What are cartoons? A cartoon usually combines a drawing with a text. Cartoons are often used to make a critical comment on a serious issue in a humorous way. They may be entertaining, often making fun of public figures, but can make a serious and important critical point simply and clearly using visual means. Cartoon often pick uo on one current news event and criticise people, institutions or development in society and politics. Cartoons are often published in newspapers or magazines. In order to understand a cartoon it is important to look at the details, and you should consider the connection between the picture, any speech bubbles and a punch line and/or caption. Elements of a cartoon Working with cartoons Speech bubble Thought bubble How to examine a cartoon: Caption (Bildüberschrift) Caption (Bildunterschrift/-überschrift) Techniques employed in cartoons: Cartoonists often use the following techniques to make their point: highlighting prominent features/actions/events by caricature (exaggerating characteristic elements (e.g. Donald's Trump's haircut) exposing inconsistencies (e.g. contrasting a statement with a picture showing the opposite) irony (depicting the opposite of what is really meant) making use of puns or word play symbolic elements When you are asked to examine a cartoon in your oral exam you should take the following four steps: 1. introductory sentences: point out how you will structure your presentation give available information on the context (author/artist, date and...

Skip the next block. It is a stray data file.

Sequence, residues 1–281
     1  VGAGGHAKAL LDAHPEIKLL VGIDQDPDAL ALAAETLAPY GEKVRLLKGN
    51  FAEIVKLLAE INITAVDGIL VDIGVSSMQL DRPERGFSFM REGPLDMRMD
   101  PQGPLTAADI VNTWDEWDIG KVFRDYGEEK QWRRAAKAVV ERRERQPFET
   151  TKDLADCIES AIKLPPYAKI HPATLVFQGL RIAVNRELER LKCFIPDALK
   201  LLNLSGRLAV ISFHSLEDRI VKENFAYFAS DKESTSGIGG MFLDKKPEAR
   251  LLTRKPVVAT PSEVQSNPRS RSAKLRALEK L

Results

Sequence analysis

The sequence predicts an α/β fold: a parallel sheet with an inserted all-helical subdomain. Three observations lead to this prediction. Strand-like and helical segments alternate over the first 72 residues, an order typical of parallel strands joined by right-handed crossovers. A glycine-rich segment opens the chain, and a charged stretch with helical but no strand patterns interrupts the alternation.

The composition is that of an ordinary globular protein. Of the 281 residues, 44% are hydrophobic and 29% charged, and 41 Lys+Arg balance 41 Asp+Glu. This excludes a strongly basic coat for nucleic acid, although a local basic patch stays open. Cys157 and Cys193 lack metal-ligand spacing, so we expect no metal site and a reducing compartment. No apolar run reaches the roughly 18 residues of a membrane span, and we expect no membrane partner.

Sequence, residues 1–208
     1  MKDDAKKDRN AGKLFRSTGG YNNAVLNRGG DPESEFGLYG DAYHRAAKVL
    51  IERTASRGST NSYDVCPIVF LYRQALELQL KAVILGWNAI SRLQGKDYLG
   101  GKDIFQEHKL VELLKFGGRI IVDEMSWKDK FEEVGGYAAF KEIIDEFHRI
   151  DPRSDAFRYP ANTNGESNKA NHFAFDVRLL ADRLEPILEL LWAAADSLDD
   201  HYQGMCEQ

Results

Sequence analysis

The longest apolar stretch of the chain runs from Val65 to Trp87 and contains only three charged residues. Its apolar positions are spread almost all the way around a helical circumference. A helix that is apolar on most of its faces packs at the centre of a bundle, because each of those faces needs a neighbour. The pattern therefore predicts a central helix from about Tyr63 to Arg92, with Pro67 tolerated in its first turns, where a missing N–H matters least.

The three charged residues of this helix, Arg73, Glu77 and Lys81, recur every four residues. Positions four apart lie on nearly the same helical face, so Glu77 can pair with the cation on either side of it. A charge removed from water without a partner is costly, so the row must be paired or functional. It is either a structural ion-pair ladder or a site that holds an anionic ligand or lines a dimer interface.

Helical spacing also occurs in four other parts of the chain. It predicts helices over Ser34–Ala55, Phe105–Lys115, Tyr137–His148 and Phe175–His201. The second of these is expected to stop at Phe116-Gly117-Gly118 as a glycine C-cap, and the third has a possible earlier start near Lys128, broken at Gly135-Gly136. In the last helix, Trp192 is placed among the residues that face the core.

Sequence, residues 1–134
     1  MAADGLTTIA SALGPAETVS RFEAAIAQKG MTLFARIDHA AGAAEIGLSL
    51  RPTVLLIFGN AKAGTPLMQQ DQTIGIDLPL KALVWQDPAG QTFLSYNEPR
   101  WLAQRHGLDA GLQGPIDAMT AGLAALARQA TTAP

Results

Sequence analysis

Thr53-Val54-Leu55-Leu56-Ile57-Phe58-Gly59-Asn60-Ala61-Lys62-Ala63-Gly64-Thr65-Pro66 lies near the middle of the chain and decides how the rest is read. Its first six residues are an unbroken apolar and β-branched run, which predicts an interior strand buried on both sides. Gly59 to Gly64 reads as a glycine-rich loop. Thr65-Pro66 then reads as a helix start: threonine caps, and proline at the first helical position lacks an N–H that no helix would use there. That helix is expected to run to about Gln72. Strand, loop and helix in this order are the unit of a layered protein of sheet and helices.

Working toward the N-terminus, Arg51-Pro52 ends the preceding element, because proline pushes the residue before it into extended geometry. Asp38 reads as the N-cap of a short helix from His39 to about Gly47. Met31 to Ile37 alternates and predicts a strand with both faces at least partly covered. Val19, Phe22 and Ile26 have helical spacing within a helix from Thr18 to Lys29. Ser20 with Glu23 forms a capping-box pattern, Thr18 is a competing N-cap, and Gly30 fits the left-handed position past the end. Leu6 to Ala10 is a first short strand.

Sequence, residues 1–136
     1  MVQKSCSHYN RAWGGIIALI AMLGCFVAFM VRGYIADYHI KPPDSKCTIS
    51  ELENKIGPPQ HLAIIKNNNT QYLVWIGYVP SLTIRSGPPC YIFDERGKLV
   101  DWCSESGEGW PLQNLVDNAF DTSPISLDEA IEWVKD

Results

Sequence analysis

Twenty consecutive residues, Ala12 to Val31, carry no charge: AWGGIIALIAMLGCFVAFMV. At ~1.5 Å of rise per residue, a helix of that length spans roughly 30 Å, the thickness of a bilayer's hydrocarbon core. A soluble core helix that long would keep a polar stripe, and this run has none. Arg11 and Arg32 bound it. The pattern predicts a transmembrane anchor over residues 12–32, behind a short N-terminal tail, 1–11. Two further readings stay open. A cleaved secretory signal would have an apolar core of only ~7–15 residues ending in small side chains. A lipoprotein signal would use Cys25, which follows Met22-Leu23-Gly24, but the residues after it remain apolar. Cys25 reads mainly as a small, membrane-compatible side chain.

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first publication source) briefly state the issue/topic of the cartoon. Panels (if more than one) Operator ,,examine": describe and explain (analyse/interpret) in detail ...to begin with, I will... Next/Then/after that,... Last/finally,... 2. Description: describe the cartoon in a structured and detailed way: Describe the cartoon systematically. Imagine you are describing it to a blind person; what important elements and background are needed to explain the picture and the message. Use the present progressive to describe what people are doing in a picture, and the simple present to describe objects and the setting. ...was created by... and published in... ...illustrates the topic... ..deals with... Description The cartoon consists of/is made up of (several) .../is divided into ... There is a (short/an ironic) caption/speech bubble/thought bubble in/on/next to ... The caption says/states that .../is a comment by ... It is a black and white/colour cartoon. Describe people's body language and facial expressions and their relationship to each other. Include the contents of captions, speech bubbles etc. and their relationship to the picture. 3. Analysis/Interpretation Examine the elements (characters, objects, text) and explain the message they convey. Pay attention to the function of characters (do they represent well-known people or a particular group?) and objects (do they symbolize sth.?) Some aspects to pay attention to: size of elements (possible effect of overly huge elements: appear powerful, threatening,...), light and darkness (bright/light elements may represent hope/optimism, dark elements may represent uncertainty, catastrophe, oppression,...) labelling of elements (as an explanation of the important aspects of the element or what it represents) check whether the cartoonist employs any of the techniques mentioned above. 4. Evaluation Sum up what effect the cartoon has (in relation to the issue it addresses) State whether the cartoon is effective and which elements are responsible for its success/failure. . At the top/bottom of the cartoon ... • In the foreground/background ... •. On the right/left... In the centre ... . In the top/bottom right-hand/left-hand corner ... The cartoonist shows... There are ... in the picture. • The situation reminds one/me/you of... • The cartoon describes ... • • ● Analysis The cartoon stands for/represents/is a caricature of ... The cartoon plays on the stereotypical view of ... ... is exaggerated/stressed/symbolic for ... ... reinforces the cartoonist's message that ... The humour lies in the discrepancy/contrast/parallels/ misunderstanding between ... and ... Evaluation The cartoon (only partly) achieves its aim of (doing sth). In my opinion, the cartoonist is (not) successful in presenting/criticising ... because ... The cartoon appeals (does not appeal) to me. In my opinion, it is convincing/simplistic/confusing/unfair. The cartoonist skilfully/effectively shows ... Unfortunately, it remains unclear whether ... or ... Globalisation Cartoon 1 10/23/11 XINGTON RAID-LEADER ⒸJoel Pett JOEL PETT Globalisation Cartoon 2 100 FULL SPEED AHEAD!! Smoke POLLUTION AND CO2 EMISSIONS ENVIRONMENTAL DESTRUCTION CONSUMER JUNK BABY bowevess muts/big componys GLOBAL GOP 5.1 THE FREE TRADE AND GLOBALIZATION MACHINE 000000 GLOBAL CHEAP LABOUR -0000- BILLION C Artist: Joel Pett, 2011. note: GDP: gross world product (Brutto-Welts-Produkt: monetary measure of all products and services on the global market in a year. global warming economy going on "full speed" SA sge NATURAL RESOURCES XXX like word water Black gold acaOL -workers that are used in Environmant destruction